The first hour was a breeze – I did my inhale/exhale as I had been taught, focused on aligning my spine, held my plank a few seconds longer than the rest of the class. Hour two became rough. My coffee had worn off and I watched the clock feverishly. I knew if I could make it through the second class, I was home free – the final class of the day was a stretching class, and those are soothing and light.
As the second class filed out, I refilled my water bottle, cleaned off some of my equipment (the Pilates machine, not my genitals, although I’m sure they deserved it), and began a few, light stretches on my own.
The new class filed in, the instructor took a big swig of water, and the soothing music began. With the first few exercises, I expressed confusion as I looked around the room. The lights had not been dimmed, and the tempo of the music began to increase.
Like an alley-way psychic, the instructor announced,
Time to burn, ladies! Welcome to Balance and Form!
Holy mother fucking shit.
I had signed up for the wrong class – the class that I’ve never taken before, the class I have no current desire to attend.
Balance and Form involves balancing on a wobbly rubber ball while doing squats, holding planks until you want to puke, and sweating like the inside of a Keurig.
I immediately regretted my gloating.
With each hold and push of an exercise, the anger in my mind grew. My irritability festered and brewed like a cauldron of stupidity soup.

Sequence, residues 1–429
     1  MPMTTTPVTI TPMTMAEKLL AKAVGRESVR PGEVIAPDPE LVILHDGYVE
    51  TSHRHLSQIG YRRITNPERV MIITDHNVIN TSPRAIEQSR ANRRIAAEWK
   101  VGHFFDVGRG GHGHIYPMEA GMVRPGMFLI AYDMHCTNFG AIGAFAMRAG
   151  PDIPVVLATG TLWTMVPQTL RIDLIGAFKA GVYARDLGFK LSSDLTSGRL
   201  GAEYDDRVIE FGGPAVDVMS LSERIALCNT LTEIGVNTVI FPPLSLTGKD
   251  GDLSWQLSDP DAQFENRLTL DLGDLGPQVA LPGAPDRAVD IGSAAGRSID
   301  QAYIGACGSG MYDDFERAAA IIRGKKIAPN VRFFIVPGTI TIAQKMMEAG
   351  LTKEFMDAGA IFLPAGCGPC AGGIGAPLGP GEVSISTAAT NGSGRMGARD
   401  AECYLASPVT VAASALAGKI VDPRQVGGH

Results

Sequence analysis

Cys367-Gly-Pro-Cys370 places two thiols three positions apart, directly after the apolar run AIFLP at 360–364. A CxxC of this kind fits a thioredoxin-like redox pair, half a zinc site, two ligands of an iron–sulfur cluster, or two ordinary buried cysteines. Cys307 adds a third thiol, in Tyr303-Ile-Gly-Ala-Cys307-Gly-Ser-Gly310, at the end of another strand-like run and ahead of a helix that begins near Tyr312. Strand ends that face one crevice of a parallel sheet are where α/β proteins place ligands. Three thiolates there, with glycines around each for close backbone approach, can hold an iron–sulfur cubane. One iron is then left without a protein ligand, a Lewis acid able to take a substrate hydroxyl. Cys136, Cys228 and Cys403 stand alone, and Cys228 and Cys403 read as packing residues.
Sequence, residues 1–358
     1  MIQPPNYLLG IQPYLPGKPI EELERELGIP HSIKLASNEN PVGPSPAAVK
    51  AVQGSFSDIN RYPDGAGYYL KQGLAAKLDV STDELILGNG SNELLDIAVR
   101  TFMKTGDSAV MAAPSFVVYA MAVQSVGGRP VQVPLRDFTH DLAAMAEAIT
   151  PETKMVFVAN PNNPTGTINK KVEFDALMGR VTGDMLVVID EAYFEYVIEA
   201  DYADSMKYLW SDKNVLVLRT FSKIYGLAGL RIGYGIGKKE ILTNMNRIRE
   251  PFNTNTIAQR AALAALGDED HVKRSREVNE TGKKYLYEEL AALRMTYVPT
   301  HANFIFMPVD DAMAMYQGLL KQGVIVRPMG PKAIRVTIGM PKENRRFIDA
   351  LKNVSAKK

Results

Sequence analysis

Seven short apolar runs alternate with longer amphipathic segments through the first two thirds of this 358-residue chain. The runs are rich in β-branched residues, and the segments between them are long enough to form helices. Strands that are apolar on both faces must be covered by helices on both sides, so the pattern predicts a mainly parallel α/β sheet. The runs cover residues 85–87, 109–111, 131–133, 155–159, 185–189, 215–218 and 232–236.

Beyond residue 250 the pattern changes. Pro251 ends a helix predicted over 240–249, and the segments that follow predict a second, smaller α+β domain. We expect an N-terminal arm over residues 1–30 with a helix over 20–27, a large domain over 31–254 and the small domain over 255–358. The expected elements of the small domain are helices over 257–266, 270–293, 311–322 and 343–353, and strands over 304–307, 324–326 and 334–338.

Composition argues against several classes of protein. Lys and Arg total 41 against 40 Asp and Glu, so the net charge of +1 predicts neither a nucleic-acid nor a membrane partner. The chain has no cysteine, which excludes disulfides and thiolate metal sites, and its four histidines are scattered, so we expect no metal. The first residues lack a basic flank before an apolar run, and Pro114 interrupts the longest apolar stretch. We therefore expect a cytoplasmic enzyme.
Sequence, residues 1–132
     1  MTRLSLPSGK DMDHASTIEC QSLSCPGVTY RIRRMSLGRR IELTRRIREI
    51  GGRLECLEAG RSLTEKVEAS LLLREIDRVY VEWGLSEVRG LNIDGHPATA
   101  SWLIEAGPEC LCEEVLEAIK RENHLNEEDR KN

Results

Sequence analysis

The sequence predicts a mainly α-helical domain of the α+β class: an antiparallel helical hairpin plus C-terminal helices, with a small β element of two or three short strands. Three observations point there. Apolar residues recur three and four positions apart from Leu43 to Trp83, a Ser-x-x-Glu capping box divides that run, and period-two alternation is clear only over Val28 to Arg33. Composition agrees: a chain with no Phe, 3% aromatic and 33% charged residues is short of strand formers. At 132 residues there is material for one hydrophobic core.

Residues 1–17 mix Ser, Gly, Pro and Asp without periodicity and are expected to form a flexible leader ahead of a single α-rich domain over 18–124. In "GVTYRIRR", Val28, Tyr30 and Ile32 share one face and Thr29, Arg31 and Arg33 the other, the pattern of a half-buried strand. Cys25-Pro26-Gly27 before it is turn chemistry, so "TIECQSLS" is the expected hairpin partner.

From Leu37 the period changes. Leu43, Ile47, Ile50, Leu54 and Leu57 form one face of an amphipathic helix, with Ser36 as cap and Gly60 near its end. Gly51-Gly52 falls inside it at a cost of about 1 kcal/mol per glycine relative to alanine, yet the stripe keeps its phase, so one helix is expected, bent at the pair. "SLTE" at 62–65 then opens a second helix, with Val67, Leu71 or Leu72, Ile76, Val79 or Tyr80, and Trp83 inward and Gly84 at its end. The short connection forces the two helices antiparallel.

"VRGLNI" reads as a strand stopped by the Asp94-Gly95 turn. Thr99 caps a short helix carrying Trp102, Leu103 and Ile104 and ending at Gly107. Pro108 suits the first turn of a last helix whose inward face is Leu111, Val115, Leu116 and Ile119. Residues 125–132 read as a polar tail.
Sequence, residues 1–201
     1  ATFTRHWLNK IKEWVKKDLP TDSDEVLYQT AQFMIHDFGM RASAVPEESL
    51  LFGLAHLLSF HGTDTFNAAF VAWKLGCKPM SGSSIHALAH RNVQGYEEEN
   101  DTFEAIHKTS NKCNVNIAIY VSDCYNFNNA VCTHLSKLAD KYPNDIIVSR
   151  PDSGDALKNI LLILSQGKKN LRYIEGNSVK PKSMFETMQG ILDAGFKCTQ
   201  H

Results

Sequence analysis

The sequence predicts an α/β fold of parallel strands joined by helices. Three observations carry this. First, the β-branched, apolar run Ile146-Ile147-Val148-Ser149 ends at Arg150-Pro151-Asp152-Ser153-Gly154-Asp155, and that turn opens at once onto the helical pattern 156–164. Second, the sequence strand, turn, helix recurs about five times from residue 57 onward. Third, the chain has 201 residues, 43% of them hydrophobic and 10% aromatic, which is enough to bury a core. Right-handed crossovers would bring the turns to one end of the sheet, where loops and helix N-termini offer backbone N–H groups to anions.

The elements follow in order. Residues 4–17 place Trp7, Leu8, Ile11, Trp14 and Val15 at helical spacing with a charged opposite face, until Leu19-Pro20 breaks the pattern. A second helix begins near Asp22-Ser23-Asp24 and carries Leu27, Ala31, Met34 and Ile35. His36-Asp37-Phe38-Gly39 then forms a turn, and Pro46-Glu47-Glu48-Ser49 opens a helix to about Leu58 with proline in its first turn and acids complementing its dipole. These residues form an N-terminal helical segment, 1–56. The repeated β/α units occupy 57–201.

Why the fuck did I think I could do this?
I can’t do this. It’s been SIX weeks and I’ve lost two pounds. FUCK!
My brain went nuts and my planks wobbled.
With each inflection of the instructor’s voice, my stomach turned. I was exhausted. I was hungry. I was done.
I just can’t do this. I can’t.
I crinkled my face, straining through a set of squats, and it hit me – I started a fucking blog about this shit.
Flashbacks of my angry mother waving around a pleather journal populated with teenage hormones began to burst in my mind like fireworks. I could hear her screaming. I could hear her telling me I was done – no more using the car, no more allowance, no more nothing. Talk about a tough crowd.
Right as Kanye started in about gold digging, I realized I’d have to leave this torture chamber for yet another one – the tiny space of my day where I would write the words:
I GAVE UP TODAY, THIS WILL BE MY LAST JOURNAL ENTRY
What a way to be – to give up. To add yet another ‘great idea’ to a long list of ‘I couldn’t do its.’
The pandemic has been full of them – grand ideas that lead to expensive investments and wasted hours, that, in the end, actually made great Tik Toks with their failure.
I was lucky that I had not taken on too much during the pandemic – I had been busy with my gluttony of fried chicken and peanut M&Ms – yet, here I sat on a sweaty yoga mat and a depleted bank account due to my pricey Pilates and spin class memberships.
How long until I get tired of this? I wondered.
How long until I get so frustrated one day that I walk out of a class, never to return – if not for my belief that I can’t do it, but out of pure embarrassment?
Kanye sang on. I balanced on the ball. It wobbled.
Great day, ladies! the instructor complimented.
Oh shit - it’s over.
I looked at the clock. We had three minutes left – the exact number of minutes it takes us to cool down.
I made it.
Did I make it because my running mind spun through the hands of time?
Did Kanye and Jamie Fox help out? I do love Gold Digger.
Whatever happened today, I’m here to report, live from my sweaty tights, that I did NOT give up today, and this will NOT be my last journal entry.
Let the torture continue.